Lone Star (1996)

Lone Star (John Sayles, 1996)

After the discovery of a skeleton in an ancient shooting range in a little town in Texas. The sheriff Sam Deeds (Chris Cooper) embarks on an investigation that will make him revive the past of his father (Matthew McConaughey), also a sheriff of the town and his predecessor (Kris Kristofferson). Also intertwined are Otis (Ron Canada) as the owner of the African-American bar of the town, the colonel of the almost closed military base (Joe Morton) and Sam’s old flame Pilar (Elisabeth Pena) and her mother Mercedes (Miriam Colon).

This investigation in the country of the cowboys also mixes the presence of illegal Mexican refugees, adultery, redemption, and how the past should become a myth just like John Ford did with his huge corpus of Western movies that paved the way of millions of copies without ever being half as great as his. However, John Sayles never tries to do a John Ford film but does one of the best films of the 1990’s with this investigation and talented ensemble cast. His characters have enough mystery to be interesting and not too much to stay human with their fails and faults.
Sayles’ mise en scène and storytelling are subtle and efficient with the characteristic one shots that mixed the past and the present of the story in one long take. It helps the fluidity of the story and shows how the stories are connected. We don’t feel the change of rhythm between the time and it keeps the viewer in the space that the plot is. It is not as stylistic as many films of the 1990’s were and it is most probably why it did not catch on younger audiences. When compared to a Quentin Tarantino, a Robert Rodriguez or even a Coen brothers film, Lone Star seems pale visually because it retains itself from being based on the mise en scène but instead it excels with a superb script and real life characters.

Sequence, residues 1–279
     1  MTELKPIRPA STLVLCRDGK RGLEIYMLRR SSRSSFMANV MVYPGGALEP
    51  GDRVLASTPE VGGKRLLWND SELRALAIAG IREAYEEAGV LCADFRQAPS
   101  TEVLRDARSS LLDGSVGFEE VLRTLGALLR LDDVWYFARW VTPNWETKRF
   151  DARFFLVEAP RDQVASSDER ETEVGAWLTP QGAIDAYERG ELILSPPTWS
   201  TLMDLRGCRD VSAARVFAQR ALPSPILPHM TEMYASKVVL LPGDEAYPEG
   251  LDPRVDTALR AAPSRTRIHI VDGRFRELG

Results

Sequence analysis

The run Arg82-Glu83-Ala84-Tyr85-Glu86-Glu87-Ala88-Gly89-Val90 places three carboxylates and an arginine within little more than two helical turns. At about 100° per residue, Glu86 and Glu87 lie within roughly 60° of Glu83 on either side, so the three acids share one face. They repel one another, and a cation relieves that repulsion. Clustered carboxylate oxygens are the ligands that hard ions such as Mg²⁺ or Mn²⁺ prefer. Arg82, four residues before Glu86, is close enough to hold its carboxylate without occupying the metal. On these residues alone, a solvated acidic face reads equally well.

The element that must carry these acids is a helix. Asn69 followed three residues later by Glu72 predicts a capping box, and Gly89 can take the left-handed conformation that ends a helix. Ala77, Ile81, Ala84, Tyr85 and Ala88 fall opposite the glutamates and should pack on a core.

Overall, I would not call it a masterpiece as many have said before, but I think it is a great film that with time might become a classic of its era. It also showcase Chris Cooper’s subtle and quiet range that is outstandingly underrated from the public. But one must remember that it is the entire ensemble cast that makes this movie work so well and that shows how the new America is a melting pot of mixed ancestors.

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